Albany House, Albany Avenue, Monkstown (-90k, -2.4%)

Sold in 2010 for 3.74m … and-12948/

Now asking 3.65m … in/2646660

I think that these are different houses

The ‘Albany House’ that sold in 2010 is on SoCoDu’s website below and is the other end of the trio of 'Albany’s (the current one for sale called ‘The Albany’ is on the far right and doesn’t include the side house at the back of it which is built at a right angle into The Albany’s back yard).

SoCoDu’s link … -2010.html

The original 2010 Albany House was on 0.8 of an acre (outlined in red) with a 7,000 sq ft period structure in good condition.
It sits on an excellent site with large double high gates in the back for access, lodge houses and views of the sea on its upper stories.
It was the highest sale of 2010 and done in early 2010 before things took another leg down on bank nationalisation.
I’m not sure if it would sell for 3.74m again today (a chance however, but not fully sure).

Note on SoCoDu’s link, the 2nd biggest sale of 2010 was Rockfort on Sandycove for 3.1m which has only sold again recently and for a good discount to the 2010 price. If you go down SoCoDu’s 2010 sales list you will find several other sales that would not achieve that pricing again today (see Longford Terrace, Breffni Terrace), or would struggle to match (see The Hill Monkstown, ‘Santa Maria’ Monkstown).

The current 2013 property for sale - The Albany - is quoted as being on 0.6 of an acre (might be some rounding up here) with a 3,200 sq ft ‘Regency Style’ house which I believe is in poor order and includes some awkward extension work (notwithstanding some bathroom upgrades). The Albany is a single story house with no back yard or proper entrance gates. This has been taken by ‘Casa Tina’, the two story mews house that was built into the back of The Albany at right angles. In fact, The Albany’s entrance has been awkwardly stuck into the front corner of the site to give off-street park. There is little chance of such a ‘butchered’ site attracting +3m valuations.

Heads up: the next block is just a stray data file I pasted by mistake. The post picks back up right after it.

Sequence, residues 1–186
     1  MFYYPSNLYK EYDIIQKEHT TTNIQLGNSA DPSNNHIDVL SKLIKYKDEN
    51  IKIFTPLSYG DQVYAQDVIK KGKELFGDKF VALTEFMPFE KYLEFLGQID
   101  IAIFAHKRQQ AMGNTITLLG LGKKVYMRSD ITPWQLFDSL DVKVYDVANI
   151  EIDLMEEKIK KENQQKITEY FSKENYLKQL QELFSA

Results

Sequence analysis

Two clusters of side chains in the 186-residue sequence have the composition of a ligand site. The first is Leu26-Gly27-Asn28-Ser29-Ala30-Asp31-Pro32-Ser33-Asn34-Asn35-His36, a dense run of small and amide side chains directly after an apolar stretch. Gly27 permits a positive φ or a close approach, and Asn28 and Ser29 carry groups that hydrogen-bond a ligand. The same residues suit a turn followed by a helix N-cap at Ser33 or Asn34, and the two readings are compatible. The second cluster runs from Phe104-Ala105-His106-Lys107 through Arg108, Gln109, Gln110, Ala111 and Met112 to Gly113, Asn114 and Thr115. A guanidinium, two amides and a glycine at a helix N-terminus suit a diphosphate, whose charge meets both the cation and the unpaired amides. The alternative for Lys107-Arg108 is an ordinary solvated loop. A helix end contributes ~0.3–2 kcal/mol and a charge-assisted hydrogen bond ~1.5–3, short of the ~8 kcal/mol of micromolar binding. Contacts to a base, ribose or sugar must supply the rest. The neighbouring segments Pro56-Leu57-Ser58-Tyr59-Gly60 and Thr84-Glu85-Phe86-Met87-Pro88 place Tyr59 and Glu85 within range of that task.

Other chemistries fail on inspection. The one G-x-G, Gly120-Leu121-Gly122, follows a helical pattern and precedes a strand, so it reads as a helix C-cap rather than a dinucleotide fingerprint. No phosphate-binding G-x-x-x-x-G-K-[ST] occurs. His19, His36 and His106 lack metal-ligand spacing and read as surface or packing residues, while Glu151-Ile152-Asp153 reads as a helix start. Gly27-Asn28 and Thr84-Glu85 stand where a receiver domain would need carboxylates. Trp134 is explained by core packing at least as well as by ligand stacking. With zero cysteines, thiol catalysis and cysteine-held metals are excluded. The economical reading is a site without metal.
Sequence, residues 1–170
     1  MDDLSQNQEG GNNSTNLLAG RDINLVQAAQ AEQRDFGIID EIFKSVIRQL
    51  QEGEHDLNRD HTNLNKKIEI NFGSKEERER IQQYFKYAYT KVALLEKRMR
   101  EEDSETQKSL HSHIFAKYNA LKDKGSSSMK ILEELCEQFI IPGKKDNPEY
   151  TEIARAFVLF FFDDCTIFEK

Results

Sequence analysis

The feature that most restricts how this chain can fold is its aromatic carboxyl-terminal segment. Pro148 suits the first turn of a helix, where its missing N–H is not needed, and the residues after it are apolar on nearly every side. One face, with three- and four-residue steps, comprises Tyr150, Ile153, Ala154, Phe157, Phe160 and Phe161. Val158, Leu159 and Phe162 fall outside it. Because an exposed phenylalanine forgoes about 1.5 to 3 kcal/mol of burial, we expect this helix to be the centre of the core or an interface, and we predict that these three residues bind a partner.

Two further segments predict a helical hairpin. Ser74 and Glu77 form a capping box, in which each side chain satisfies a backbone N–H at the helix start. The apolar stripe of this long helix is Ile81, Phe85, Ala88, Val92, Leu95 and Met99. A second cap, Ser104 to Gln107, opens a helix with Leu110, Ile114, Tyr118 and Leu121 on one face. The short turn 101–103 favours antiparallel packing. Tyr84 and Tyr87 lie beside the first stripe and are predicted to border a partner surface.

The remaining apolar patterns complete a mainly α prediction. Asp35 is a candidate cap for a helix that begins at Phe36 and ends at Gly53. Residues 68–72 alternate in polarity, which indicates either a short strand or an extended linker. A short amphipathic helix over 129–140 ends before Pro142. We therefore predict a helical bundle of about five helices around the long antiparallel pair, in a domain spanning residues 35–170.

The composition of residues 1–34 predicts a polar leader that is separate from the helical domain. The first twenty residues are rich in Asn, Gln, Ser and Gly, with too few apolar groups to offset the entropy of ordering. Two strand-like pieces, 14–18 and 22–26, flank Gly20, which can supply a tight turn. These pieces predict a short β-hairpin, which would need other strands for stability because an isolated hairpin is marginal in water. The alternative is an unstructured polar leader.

The asking price implies a +6m an acre valuation which I believe is very high for here - you can buy in Shrewsbury today at this (Walford aside) or Rockfort (unique site right on the water with no traffic). At best, I think The Albany would rank more with ‘Santa Maria’ Seapoint House (again see SoCoDu’s 2010 top sales) which went for 2.8m in 2010. However not only is 2010 pricing a stretch at the top-end, but I think that Santa Maria was a prettier period house and on a much cleaner appropriate site with proper entrance etc.

The local buyer will never pay anything over 3m for The Albany (no matter how much money they have). If you are a UK / International buyer, you would need a lot of convincing from your local EA for paying anything over 2.8m (or even lower in my view).

The Albany sold 9-9-14 for €3.3ml

Remember this one (not its bigger neighbor Albany House)
This is The Albany (a.k.a. the smaller pink house on a 0.64 acre site in with terrific sea views in Monkstown).
Irish Times - Pretty Regency with magical garden in Monkstown for €3.65m

It eventually sold for 3.3m in the mini-peak of the high-end in 2014. Ignoring the structure, that makes over 5m an acre, which is big money for this part of the world (even giving some allowance for the structure, is still over 4.5m an acre).

Even in 2016, the best of Foxrock is still at c 2m an acre, while the best of Killiney / Dalkey / Blackrock is closer to 2.5-3m an acre In fairness, houses right on the water / mega sea views, can get higher per acre values.

Address Information:
Sale Information
Date of Sale:09/09/2014
Price: €3,300,000.00

You can now see the concrete shell of a large new contemporary house being built in the front garden of The Albany. I first thought that the buyer in 2014 was building a +7,500 sq ft mega mansion on 2/3rds of an acre (with the little pink period house as the muse). It would have been an expensive site all the same, but one of a kind (and if you have the cash, who cares).

Having gone through the planning however, I discover more:

  1. Previous owners (Michael O’Leary) got planning, via RKD Architects, to split The Albany site in two, and build a c. 4,000 sq ft modern house in the front, leaving the little pink period house in the back (D13A/0343). They then put The Albany for sale.

  2. The buyer in 2014 (I believe it was Joseph Comyn, a solicitor in O’Brien Redmond, who is formally listed as occupying the pink house, so he is not acting as agent etc. although listed as trustee in his stat. declarations), paid 3.3m for The Albany.

  3. The buyer then got planning to increase the modern house to c. 5,000 sq ft (via RKD Architects) D16A/0040, and moved the planning ownership (but not land yet) to an Isle of Man company - Blueheath Investments Limited (i.e. likely to sell it).